It’s not exactly a typical day in class, even an upper-level sociology class geared towards the grittiest of urban realities.
The room is filled with the sound of gunfire. A projection screen shows a quartet of inner-city drug thieves pinned down behind a parked car. Each reloads his and her weapon. Their leader, the scarred and unflappable Omar Little, gives them a look and says, “Y’all ready? Let’s bang out.”
The four stand up, fire back in unison, and execute a retreat, with one killed by friendly fire.
Professor Gregory Hooks stops the tape. The room goes quiet.
Someone recently told Phyllis Campbell ’73 that she had the perfect resume to run for governor.
In her office high above 5th Avenue in Seattle, Campbell tells me this with a mixture of amusement and certitude. Running for political office is the last thing she’s interested in.
“You can print that,” she says. “I’ll never run for political office.
“I value people who do,” she adds, “but that’s not my calling.”
Politics, after all, is so short-term.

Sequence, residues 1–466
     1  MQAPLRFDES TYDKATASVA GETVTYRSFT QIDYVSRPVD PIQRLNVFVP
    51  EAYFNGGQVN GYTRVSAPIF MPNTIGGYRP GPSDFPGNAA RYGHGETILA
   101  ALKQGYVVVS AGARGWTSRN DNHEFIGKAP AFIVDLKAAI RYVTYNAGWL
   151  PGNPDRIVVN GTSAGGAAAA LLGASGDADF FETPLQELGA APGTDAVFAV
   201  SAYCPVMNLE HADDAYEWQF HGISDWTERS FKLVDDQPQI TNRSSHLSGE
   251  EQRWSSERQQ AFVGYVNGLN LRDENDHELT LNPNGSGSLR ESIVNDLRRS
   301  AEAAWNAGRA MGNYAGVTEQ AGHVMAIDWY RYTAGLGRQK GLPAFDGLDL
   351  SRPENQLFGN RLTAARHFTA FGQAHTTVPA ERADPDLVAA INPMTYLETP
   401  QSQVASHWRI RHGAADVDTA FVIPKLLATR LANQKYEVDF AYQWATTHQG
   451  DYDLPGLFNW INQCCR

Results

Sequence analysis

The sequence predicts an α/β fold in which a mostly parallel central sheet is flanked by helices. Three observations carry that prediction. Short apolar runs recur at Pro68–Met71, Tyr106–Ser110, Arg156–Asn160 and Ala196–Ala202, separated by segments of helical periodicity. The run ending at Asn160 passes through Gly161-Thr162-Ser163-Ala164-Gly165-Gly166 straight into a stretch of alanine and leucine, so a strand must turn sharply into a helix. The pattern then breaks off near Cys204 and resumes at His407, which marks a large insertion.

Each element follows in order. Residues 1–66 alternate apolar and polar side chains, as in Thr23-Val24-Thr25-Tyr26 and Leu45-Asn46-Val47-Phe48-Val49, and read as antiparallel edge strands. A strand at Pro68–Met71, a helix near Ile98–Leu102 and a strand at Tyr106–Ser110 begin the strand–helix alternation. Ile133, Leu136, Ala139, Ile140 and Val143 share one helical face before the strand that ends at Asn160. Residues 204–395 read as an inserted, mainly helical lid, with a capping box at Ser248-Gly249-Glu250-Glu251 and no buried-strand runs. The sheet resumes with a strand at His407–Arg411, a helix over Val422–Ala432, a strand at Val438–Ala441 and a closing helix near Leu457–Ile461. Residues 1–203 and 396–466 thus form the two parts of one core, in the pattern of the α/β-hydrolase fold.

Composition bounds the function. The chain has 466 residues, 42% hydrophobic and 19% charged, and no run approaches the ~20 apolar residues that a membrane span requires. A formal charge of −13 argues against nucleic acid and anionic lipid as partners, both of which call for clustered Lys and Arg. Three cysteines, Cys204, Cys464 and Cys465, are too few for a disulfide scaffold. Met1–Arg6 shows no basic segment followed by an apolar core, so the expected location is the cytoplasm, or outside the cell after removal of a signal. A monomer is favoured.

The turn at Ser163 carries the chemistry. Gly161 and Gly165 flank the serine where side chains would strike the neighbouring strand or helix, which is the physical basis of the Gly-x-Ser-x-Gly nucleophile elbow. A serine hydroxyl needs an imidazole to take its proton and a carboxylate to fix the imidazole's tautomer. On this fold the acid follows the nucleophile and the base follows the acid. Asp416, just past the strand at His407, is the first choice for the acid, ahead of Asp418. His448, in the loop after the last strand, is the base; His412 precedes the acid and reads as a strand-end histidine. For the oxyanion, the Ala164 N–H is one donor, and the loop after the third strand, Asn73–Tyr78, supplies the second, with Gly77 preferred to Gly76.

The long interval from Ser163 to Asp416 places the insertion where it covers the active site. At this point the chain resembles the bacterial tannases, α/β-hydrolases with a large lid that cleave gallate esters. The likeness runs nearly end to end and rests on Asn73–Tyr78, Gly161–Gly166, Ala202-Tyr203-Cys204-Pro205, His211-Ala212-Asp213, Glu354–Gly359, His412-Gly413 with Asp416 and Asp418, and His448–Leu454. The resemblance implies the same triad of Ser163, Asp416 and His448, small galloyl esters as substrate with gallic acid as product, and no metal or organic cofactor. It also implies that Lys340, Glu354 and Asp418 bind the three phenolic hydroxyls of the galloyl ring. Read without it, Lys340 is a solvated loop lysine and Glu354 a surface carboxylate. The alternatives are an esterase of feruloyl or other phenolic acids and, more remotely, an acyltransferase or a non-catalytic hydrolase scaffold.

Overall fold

Campbell shows me, with obvious pleasure, the medal that represents the Regents’ Distinguished Alumnus Award with which she was recently honored. Campbell’s relationship to Washington State University, which … » More …
Yellow Springs, Ohio, is a small college community with a rich history of social justice. It was a stop on the Underground Railroad and, much later, home to Antioch College, where civil rights activist Coretta Scott King went to school.
Dana Patterson, who completed her doctorate in higher education administration at Washington State University last spring, was seeking a career that would lead her into social justice and human rights activism, when she applied to be first director of the new Coretta Scott King Center at Antioch. Looking at the job description, she realized, “It’s a perfect fit for me in light of what I … » More …
On November 5, an overflow crowd in the CUB Senior Ballroom heard some hard truths about the global food crisis. Dr. Vandana Shiva, founder of several organizations that promote agricultural diversification in India, described how corporate/government practices that are billed as beneficial to farmers, such as patenting seed and outlawing local varieties of crops, have driven rural people off the land and caused massive food shortages in more than 40 countries.
Shiva laid out her case in warm, often humorous, tones that didn’t entirely mask her anger at what she has witnessed.
“If you want to get me really engaged,” she said, “tell me a … » More …